response to discusion below
Wealthy and developing nations should work together to improve cyber-security for global connected networks. Improving cyber-security measures will protect the vital resource that is the internet so it can be utilized by all countries for economic growth, education, and information. Developing and wealth nations working together can ensure that citizens are informed and protected in today’s digital age (Chernenko, 2018). Wealthy nation’s play a huge part in helping developing countries achieve reliable cyber-security standards, but this should help should not be relied on forever as developing nations need to sustain their own cyber resources to contribute to the fight.
Developing nations need to support their own cyber-security workforce to be able to reap the benefits and improve cyber-security measures. Supporting their own cyber-security workforce will ensure that a developing nation’s critical infrastructure is protected to the greatest extent and provide full control over these services. A developing nation’s own cyber-security workforce will also prove to be cost effective as outsourcing cyber-security efforts can be very expensive and most nations may not be financially prepared to pay for this service for extended periods of time (Raywood, 2013). Finally, a cyber-security workforce is imperative for social and economic growth as dependability and trust between the government and citizen’s needs to occur for proper development.
Wealthy nations need to help developing nations in the fight for improving cyber-security on a global scale. If wealthy nations do not help, they run into many risks. Developing nations are easy targets for cyber criminals and, if left unchecked, can great an organized crime ring that can one day be powerful enough to attack wealthy nations. The lost ability to have a multi-national framework of cybersecurity policies poses a significant risk as well. Without developing nations educating and training developing nations, there will never be a cybersecurity framework developed to help react to cyber incidents appropriately (Xinhua, 2017). Lastly, wealth nations do a lot of business with developing countries in one form or another. Without developing nations having proper cybersecurity developments, wealthy nations run a risk of having their information or financial transactions compromised when doing business.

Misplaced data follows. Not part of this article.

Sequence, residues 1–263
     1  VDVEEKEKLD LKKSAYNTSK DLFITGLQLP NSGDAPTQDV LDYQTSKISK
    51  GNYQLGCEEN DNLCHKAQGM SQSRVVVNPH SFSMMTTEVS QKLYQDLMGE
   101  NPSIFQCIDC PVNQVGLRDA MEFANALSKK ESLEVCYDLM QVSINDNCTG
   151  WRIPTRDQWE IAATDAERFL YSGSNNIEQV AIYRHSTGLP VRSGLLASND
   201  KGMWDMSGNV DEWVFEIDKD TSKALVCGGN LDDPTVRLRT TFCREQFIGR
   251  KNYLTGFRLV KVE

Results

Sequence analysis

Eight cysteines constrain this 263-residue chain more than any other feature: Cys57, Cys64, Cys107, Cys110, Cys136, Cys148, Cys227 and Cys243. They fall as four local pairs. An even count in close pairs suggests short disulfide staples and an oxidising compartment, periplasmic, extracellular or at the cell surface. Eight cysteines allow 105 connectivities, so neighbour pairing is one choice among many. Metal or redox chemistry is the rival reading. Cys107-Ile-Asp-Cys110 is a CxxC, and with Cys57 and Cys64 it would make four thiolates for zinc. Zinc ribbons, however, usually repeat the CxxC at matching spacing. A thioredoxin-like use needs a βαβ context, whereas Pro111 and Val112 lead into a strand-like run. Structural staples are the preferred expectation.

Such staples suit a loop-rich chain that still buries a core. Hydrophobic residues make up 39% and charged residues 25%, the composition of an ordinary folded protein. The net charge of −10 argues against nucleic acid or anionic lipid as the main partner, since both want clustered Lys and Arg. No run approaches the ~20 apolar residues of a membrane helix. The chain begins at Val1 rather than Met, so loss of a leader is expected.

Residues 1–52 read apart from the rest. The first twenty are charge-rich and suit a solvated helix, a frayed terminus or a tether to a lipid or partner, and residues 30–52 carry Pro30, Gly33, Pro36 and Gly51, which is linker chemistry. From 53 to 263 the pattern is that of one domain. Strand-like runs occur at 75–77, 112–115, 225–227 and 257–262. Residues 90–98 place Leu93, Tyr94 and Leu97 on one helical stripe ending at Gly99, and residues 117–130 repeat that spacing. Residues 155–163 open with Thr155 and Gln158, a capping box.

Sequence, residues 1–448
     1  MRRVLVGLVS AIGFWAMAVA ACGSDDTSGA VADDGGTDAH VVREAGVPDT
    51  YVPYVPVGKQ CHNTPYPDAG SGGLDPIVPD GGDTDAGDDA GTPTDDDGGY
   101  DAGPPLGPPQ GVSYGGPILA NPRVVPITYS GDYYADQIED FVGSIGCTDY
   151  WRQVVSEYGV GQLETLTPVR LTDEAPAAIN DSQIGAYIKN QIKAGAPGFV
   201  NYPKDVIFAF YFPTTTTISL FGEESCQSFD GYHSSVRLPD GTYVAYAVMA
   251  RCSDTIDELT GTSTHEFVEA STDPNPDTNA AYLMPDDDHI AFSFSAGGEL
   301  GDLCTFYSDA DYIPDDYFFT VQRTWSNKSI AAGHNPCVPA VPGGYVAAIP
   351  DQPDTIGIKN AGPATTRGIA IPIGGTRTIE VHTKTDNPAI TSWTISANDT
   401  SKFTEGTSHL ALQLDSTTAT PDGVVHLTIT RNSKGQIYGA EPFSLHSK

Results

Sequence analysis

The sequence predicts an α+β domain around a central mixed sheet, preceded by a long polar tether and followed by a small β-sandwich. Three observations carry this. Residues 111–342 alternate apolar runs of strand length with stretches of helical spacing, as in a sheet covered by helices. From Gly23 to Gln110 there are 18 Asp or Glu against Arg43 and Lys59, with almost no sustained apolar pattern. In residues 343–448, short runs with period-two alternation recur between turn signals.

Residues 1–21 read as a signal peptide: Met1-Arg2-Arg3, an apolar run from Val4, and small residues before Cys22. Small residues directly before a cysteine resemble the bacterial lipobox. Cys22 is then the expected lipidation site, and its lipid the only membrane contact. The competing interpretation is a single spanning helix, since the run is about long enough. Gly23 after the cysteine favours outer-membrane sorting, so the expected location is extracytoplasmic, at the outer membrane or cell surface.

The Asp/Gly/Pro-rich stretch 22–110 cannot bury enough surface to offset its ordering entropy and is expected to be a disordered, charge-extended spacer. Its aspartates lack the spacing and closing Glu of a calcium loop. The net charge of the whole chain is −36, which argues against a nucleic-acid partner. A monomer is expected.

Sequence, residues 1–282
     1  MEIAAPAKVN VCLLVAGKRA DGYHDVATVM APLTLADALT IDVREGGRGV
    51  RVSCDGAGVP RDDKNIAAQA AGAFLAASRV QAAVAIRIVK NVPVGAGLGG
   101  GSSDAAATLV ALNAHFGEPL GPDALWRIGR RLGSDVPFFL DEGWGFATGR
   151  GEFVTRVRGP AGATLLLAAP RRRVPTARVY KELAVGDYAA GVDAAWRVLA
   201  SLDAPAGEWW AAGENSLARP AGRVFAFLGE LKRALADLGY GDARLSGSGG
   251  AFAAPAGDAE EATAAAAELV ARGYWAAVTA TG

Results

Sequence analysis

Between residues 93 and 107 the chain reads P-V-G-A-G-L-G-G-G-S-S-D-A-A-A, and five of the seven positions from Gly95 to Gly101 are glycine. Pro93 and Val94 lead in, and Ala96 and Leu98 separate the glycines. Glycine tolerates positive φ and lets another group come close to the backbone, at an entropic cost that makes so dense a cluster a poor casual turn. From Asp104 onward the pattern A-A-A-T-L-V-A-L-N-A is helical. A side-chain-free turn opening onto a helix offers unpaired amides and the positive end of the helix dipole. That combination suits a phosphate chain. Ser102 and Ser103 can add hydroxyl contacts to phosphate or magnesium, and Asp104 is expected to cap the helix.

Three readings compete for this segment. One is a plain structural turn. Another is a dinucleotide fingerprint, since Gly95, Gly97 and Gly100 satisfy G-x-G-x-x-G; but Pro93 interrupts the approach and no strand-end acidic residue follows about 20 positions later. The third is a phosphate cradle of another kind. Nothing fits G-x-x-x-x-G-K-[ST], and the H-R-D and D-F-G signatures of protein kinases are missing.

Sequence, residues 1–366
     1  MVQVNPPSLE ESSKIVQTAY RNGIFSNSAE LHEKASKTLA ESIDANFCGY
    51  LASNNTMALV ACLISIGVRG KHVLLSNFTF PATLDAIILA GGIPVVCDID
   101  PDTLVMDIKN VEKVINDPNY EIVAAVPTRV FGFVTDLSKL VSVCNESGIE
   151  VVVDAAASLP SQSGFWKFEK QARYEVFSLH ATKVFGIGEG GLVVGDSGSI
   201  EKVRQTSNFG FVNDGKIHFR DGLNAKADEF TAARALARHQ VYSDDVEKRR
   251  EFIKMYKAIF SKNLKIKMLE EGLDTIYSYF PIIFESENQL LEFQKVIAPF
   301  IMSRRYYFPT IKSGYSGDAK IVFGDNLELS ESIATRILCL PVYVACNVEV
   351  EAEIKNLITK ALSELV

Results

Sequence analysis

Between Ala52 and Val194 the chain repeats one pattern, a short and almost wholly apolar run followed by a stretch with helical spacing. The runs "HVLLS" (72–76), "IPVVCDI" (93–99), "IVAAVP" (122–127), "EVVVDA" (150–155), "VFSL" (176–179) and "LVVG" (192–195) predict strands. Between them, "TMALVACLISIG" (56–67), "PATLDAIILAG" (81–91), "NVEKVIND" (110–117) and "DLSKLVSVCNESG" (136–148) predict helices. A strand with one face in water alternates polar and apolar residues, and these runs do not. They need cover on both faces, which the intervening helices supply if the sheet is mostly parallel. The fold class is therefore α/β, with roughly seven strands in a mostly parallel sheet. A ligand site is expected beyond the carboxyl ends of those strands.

Non-government organizations can play a significant part in helping develop global capacity for cybersecurity incident response. These organizations can help provide specialized training and education opportunities for both wealthy and developing countries. Organizations can also provide incident response programs to deal with cyber-attacks as well as provide feedback on cybersecurity measures already in place. These organizations receive almost zero funding from the government yet are providing critical services to protect the country from cyber-attacks (Jevans, 2015). Proper development of cybersecurity measures will secure the global economy and critical international data to ensure a safer digital environment.
The European Union Agency for Network and Information Security (ENISA) is a center of expertise for cyber security in Europe. ENISA is actively contributing to a high level of network and information security (NIS) within the Union, since it was set up in 2004, to the development of a culture of NIS in society and in order to raise awareness of NIS, thus contributing to proper functioning of the internal market (2019). The Agency works closely together with Members States and private sector to deliver advice and solutions. This includes, the pan-European Cyber Security Exercises, the development of National Cyber Security Strategies, CSIRTs cooperation and capacity building, but also studies on secure Cloud adoption, addressing data protection issues, privacy enhancing technologies and privacy on emerging technologies, eIDs and trust services, and identifying the cyber threat landscape, and others. ENISA also supports the development and implementation of the European Union’s policy and law on matters relating to NIS (2019). The ENISA major three concerns are: